MANILA - The Supreme Court (SC) on Tuesday stopped the implementation of an injunction order of a Manila trial court against the Bureau of Customs (BOC) on the holding of suspected "hot rice" in the Port of Manila.
The high court issued a temporary restraining order (TRO) against the order of Manila Regional Trial Court (RTC) Judge Cicero Jurado, Jr., dated Jan. 24, which prevented the Bureau of Customs (BOC) from "seizing, alerting, and/or holding" 480 containers of rice imported without the necessary import permit from the National Food Authority (NFA).
The shipment was bought by Danilo Galang, owner of St. Hildegard Grains Enterprises, from one Ivy Souza of Bold Bidder Marketing and General Merchandise. Bold Bidder is among 5 consignees that imported a total of 150,000 metric tons of rice via the Port of Manila in 2013 without import permits, the 4 others are Starcraft Trading Corp., Intercontinental Grains, Medaglia De Oro Trading, and Silent Royalty Marketing.
Galang filed a petition with the Manila Regional Trial Court (RTC) to question the seizure and obtained favorable injunctive reliefs.
The BOC and the Department of Agriculture (DA), through the Office of the Solicitor General (OSG), elevated the case to the high court, pointing out that the said shipment could not be released because the importer had no import permit from the National Food Authority (NFA).
Galang, in his petition before the lower court, pointed out that the Philippines is a signatory of the World Trade Organization General Agreement on Tariffs and Trade (WTO-GATT), which had lifted the country's special treatment on quantitative rice restrictions effective June 30, 2012.
The OSG, in its plea before the SC, maintained that Jurado abused his discretion in issuing a TRO against the BOC on Jan. 16, and subsequently, a writ of preliminary injunction on Jan 24. The OSG pointed out that the NFA still has the authority to issue import permits to effect quantitative rice restrictions in spite of the expiration of the special treatment since the Philippines has sought another extension of the special treatment.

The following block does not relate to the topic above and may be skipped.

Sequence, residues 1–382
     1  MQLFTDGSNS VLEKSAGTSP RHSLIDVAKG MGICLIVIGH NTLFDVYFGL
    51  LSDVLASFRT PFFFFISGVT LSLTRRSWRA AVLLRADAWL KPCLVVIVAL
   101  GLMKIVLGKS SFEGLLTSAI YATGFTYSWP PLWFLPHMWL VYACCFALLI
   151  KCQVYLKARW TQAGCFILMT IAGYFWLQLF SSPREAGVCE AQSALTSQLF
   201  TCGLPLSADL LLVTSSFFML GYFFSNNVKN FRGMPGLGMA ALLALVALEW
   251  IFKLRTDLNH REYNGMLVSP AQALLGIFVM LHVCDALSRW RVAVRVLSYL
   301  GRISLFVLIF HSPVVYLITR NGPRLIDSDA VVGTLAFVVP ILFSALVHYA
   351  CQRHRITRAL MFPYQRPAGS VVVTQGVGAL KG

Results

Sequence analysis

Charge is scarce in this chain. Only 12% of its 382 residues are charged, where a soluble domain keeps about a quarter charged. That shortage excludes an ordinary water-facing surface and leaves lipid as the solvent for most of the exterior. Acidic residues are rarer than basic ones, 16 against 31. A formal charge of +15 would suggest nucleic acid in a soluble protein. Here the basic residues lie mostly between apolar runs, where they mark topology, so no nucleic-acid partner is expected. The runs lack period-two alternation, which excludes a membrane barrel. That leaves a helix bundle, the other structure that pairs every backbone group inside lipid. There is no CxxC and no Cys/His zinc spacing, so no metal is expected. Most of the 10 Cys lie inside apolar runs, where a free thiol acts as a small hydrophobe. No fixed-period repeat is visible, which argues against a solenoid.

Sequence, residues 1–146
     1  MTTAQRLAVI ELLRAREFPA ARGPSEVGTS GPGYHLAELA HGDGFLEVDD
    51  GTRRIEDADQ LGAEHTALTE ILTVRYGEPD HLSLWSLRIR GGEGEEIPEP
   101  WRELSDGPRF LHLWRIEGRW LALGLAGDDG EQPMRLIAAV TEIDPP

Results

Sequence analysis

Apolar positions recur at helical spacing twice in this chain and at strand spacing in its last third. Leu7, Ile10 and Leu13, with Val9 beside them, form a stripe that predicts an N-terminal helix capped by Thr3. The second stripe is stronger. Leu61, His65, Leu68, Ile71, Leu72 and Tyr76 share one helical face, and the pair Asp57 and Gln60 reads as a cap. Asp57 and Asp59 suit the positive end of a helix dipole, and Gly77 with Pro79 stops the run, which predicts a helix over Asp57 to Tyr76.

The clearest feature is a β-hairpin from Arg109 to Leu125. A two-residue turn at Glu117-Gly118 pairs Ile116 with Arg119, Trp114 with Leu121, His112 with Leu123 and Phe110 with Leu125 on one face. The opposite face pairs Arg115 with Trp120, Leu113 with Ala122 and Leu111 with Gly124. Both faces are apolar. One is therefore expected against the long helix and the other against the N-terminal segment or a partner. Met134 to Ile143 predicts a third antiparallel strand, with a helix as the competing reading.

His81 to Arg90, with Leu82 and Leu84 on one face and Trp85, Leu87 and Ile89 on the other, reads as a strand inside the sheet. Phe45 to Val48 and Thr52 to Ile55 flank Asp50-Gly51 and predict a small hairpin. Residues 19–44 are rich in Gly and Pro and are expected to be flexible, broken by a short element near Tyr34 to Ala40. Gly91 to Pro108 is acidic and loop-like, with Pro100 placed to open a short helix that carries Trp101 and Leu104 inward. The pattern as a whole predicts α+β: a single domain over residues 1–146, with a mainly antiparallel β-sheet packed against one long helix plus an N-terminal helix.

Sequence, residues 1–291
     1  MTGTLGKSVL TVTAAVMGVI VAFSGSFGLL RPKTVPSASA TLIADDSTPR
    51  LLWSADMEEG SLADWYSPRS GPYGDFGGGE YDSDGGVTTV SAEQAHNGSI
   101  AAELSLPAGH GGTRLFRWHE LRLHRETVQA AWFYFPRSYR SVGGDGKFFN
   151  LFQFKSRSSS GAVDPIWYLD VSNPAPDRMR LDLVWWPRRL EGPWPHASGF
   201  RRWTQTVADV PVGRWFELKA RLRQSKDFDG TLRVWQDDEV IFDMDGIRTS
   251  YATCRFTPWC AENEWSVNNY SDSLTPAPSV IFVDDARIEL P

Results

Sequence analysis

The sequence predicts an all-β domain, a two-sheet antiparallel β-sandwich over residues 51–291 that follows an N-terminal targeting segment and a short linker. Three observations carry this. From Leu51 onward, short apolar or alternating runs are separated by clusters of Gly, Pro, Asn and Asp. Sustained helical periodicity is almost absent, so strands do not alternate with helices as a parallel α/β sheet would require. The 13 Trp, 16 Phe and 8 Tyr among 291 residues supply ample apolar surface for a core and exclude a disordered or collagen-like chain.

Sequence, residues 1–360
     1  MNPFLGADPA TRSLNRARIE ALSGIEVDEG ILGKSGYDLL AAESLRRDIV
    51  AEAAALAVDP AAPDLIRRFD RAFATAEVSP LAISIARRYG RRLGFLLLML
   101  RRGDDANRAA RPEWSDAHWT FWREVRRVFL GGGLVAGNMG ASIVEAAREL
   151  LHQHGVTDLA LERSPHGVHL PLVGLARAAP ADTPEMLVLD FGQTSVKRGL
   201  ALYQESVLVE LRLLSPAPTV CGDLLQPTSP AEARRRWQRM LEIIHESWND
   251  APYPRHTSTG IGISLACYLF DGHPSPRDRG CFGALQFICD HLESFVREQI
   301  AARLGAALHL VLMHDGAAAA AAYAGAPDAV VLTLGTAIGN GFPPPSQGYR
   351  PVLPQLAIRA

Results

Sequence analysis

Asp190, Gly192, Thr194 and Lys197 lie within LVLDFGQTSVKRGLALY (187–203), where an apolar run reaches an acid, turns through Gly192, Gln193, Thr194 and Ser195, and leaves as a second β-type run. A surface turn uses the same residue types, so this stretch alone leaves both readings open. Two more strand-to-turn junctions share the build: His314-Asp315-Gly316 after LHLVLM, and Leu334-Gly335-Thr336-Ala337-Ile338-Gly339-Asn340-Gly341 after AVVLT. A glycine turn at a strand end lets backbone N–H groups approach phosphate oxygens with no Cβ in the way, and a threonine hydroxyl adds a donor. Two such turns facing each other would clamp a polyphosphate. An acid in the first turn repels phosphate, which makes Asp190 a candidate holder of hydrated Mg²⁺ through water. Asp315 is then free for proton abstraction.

The Philippines' formal request for a waiver of its WTO obligation remains pending, the OSG noted.
This is the second restraining order issued by the SC against a lower court injunction on the release of suspected "hot rice."
Last Feb 25, the high court also handed down a TRO to stop the enforcement of a Davao court's ruling for the release of 91,800 sacks of rice imported by controversial importer Starcraft Trading Corp.;
Starcraft is allegedly owned by businessman Davidson Bangayan, who has hit headlines recently for allegedly being the "rice smuggling king" of the Philippines today.
The TRO involving the Starcraft shipment, however, came a bit late since the subject rice were already released when it was issued. The TRO on the Hildegard importation, meantime, will not suffer the same fate since the subject Hildegard shipment remains held at the Port of Manila, according to the BOC.
In a memorandum dated Jan 6, Customs Commissioner John Sevilla directed the District Collectors of the Ports of Manila and Davao to release shipment subject of court TROs or injunctions only after the filing of proper entries, full payment of duties and taxes, upon a request by the NFA, and if there is no other ground or just cause to hold the subject shipments.